Why am I on a loop? Well, the first reason is obvious. It’s comforting. The franchise of SVU, for instance, is pretty predictable. You know there will be at least one red herring. You can set your watch to it as it usually comes into play a few minutes before the first commercial break. Just as you were guaranteed at least two car chases on CHiPs, you know that Elliot Stabler would lose his shit some time around the 30 minute mark (I’m going by the assumption that commercial breaks add to the running time of the show). I can watch about five minutes of many of the episodes and could summarize the plot. It’s good background noise when I’m folding laundry. I guess I could watch an episode on autopilot.
That is one of the alarm bells right there. How much of our daily existence runs on autopilot already? I’d be ashamed to talk to Thoreau if he were alive today, because he might say I’m sleeping my way through life. I doubt I could argue with the guy since I’m barely writing or posting due to my need to watch something “ripped from the headlines.” God, even that tagline is so dated.
I can also connect different episodes to different moments of the past 15 years or so. Olivia and Stabler are wearing black bands around their badges? Must be an episode from some time around 2001. This is especially true if somehow a rape case they’re working somehow leads to a terror plot. Hell, I remember an episode when a child kidnapper somehow got his hands on stolen anthrax because he escaped from New Orleans during Hurricane Katrina in a van from a lab that housed the stuff. That’s as Bush era of a plot as you can get.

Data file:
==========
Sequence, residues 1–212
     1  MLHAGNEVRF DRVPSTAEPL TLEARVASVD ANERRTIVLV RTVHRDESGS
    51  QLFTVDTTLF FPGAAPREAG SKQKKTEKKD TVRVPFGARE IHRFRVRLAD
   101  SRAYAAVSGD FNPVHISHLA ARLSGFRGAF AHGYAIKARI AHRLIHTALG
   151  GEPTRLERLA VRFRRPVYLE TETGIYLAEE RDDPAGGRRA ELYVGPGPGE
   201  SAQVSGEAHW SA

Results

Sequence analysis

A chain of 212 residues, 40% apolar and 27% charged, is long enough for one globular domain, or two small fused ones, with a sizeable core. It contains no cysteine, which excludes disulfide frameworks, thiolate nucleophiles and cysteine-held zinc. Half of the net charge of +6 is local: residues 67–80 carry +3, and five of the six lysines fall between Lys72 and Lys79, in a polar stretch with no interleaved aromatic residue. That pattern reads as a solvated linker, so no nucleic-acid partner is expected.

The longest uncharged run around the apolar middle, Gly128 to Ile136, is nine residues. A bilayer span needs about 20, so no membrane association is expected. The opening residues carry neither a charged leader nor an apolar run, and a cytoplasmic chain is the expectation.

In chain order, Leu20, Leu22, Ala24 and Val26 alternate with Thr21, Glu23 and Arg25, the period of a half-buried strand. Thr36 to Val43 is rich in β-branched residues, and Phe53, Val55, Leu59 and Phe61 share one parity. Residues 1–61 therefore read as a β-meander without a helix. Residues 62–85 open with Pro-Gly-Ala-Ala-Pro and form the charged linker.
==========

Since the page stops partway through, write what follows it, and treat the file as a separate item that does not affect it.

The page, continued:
Even on a personal level, if I watch an episode, I can tell what time in my life it aired. If Captain Cragen is helping a kid deal with his abusive stepmother by bonding with him over a video game, I know that was when my parents still owned their restaurant and I watched that episode on a Friday night after work. And Richard Belzer is one of my favorite actors playing one of my favorite TV characters, Detective John Munch, who came from Homicide: Life On The Street, which takes place in Baltimore; I spent my early college years in College Park, Maryland and still miss the place to this day. So apparently, Dick Wolf has discovered the secret, comforting recipe from McDonald’s fries and translated it into TV format.
As a writer who uses his mind as the building blocks to my work, what does this mean? I could make a career of writing the same thing over and over again. Mickey Spillane and Erle Stanley Gardner did that. I do enjoy writing crime fiction, but I’m not very good at building mysteries. I take the approach of writing interesting characters dealing with crimes, the way Monk and Shawn Spencer had to solve crimes that were secondary to the shenanigans of the week. I just feel like I’m in a rut. I mean, it’s March and I’m just now posting a second blog post this year. Stephen King once warned against sucking on the glass teat, and unfortunately, my lips are regularly wrapped around Stephanie March’s or Diane Neal’s, again depending on the season.
We wrap ourselves into these cocoons of comfort and warmth, and we pay the price. Dick Wolf has built a Warren of Intellectual Snares that Cowslip from Watership Down would be at home in. No thinking, no questioning, and even though the intellectual nourishment from shows in the Law and Order franchise are probably not the flayrah spoken of in the book, it’s easy to feel your brain grow corpulent and lackadaisical under that kind of input. Just like McDonald’s fries.
|Blast from Dick Wolf's past or SVU of the Future?|